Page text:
Seoul nixes North’s new nuke nation declaration
The U.S. government said the same.
“North Korea cannot have a nuclear state status,” Ministry of Foreign Affairs and Trade spokesman Cho Byung-jae told a media briefing yesterday, and he cited the North’s previous pledge of denuclearization in 2005 and the two United Nations Security Council resolutions prohibiting it from having nuclear arms.
Cho also said that the status of a nuclear power state is given to a country that abides by the Nuclear Nonproliferation Treaty. The North, which withdrew from the international treaty in 2003, cannot claim it, he said.
“We believe if the North continues to ignore the international community and violate international law, its isolation will be deepened and its supposed priority of stabilizing the lives of its people will be made more difficult,” he said.
The Ministry of Unification issued a similar statement yesterday urging the North to comply with its international obligations to denuclearize.
The ruling Saenuri Party called the North’s altering of its constitution a “provocation toward the Korean Peninsula” and called on the South Korean government to stand firm.
On Wednesday, on its Tokyo-based Web site Naenara, or “My Country,” the North carried the full text of its recently amended constitution with a reference to itself as a nuclear power in the foreword.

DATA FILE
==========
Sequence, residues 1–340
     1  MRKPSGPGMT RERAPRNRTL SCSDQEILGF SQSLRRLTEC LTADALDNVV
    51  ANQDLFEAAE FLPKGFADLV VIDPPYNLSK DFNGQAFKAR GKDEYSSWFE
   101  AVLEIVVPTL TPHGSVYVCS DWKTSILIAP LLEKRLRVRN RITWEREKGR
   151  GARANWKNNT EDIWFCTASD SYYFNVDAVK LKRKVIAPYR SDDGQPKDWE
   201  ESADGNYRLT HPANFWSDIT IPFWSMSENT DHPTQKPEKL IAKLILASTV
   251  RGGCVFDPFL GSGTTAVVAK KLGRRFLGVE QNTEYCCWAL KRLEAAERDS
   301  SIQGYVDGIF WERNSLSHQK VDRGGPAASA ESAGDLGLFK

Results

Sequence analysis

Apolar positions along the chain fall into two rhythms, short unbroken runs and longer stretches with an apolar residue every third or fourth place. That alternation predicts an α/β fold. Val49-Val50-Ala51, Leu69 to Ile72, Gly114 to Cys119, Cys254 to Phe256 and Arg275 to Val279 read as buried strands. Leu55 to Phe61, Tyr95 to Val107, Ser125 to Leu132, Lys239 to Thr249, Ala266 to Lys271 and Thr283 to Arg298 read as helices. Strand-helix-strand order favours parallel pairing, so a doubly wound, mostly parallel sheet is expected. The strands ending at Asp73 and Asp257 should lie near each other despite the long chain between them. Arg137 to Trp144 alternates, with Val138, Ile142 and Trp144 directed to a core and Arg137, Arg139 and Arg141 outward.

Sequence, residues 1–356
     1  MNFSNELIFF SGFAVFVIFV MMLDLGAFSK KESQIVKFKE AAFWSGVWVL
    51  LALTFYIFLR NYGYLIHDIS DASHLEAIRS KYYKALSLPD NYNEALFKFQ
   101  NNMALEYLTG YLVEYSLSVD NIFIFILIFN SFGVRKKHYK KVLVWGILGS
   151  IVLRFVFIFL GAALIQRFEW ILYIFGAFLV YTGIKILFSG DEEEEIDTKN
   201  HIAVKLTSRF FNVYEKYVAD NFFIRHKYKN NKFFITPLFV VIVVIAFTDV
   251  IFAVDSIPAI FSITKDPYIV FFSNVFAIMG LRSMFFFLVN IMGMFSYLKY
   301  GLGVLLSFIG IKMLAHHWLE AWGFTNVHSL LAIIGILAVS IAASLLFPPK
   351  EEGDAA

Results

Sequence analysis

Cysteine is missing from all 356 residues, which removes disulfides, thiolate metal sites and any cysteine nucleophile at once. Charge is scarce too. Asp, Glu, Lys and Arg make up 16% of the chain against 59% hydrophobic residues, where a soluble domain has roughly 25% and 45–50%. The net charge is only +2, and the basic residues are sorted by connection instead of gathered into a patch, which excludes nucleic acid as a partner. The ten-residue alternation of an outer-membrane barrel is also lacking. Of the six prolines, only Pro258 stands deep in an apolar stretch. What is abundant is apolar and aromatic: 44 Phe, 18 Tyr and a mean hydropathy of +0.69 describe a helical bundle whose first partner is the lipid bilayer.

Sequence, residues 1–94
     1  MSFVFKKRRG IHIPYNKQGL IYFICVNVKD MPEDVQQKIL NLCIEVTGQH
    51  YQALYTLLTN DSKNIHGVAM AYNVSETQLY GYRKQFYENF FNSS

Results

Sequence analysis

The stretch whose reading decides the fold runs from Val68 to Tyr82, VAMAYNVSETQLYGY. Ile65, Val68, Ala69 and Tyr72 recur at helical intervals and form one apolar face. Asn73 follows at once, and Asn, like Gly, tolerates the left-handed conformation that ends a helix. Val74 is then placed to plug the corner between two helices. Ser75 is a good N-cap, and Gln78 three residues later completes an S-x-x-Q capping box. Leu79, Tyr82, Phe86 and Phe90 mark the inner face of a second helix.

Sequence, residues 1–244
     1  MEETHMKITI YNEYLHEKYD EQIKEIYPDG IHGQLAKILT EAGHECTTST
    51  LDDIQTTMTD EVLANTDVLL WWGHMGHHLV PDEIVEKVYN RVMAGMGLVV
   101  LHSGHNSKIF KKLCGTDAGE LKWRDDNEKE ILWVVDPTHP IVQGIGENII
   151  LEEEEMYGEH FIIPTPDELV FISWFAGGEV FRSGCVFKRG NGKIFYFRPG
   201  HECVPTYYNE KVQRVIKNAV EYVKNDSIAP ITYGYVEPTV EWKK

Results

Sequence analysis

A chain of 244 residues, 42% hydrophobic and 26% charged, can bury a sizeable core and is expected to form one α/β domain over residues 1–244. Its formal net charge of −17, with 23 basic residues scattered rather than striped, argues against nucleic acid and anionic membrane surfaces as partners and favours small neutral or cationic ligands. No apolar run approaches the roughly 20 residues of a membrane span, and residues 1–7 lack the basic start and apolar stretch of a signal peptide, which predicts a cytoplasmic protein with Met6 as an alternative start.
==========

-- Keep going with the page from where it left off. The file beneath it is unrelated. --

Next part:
A spokesman for the U.S. State Department told Yonhap News Agency later Wednesday that the U.S. will never recognize the North as a nuclear state.
Some observers in the South said it is inevitable that policies toward North Korea will have to change.
“Now the approach toward North Korea’s nuclear issue cannot help but be one of regime change in the North, a change to a regime that does not need nuclear weapons,” said Jeong Yeung-tae, a senior researcher at the Korea Institute of National Unification.
A Seoul official said the amending of the constitution has lowered the credibility of the Kim Jong-un regime and preconditions for the North to be able to return to negotiations with the international community over disarmament will be significantly augmented. The North agreed in principle to denuclearization in the Joint Declaration of Sept. 19, 2005 during the fourth round of the six-party talks involving the two Koreas, the U.S., China, Japan and Russia. The talks, which are now 10 years old, have stalled since April 2009 when the North walked out.
A document from a North Korean defector, purported to be a copy of the a letter written by the North Korean leader Kim Jong-il two months before his death, included a sentence reading, “The six-party talks should not be a way to get rid of our nuclear program, but a way to have our nuclear program acknowledged by the world.”
By Moon Gwang-lip, Kim Su-jeong [firstname.lastname@example.org]
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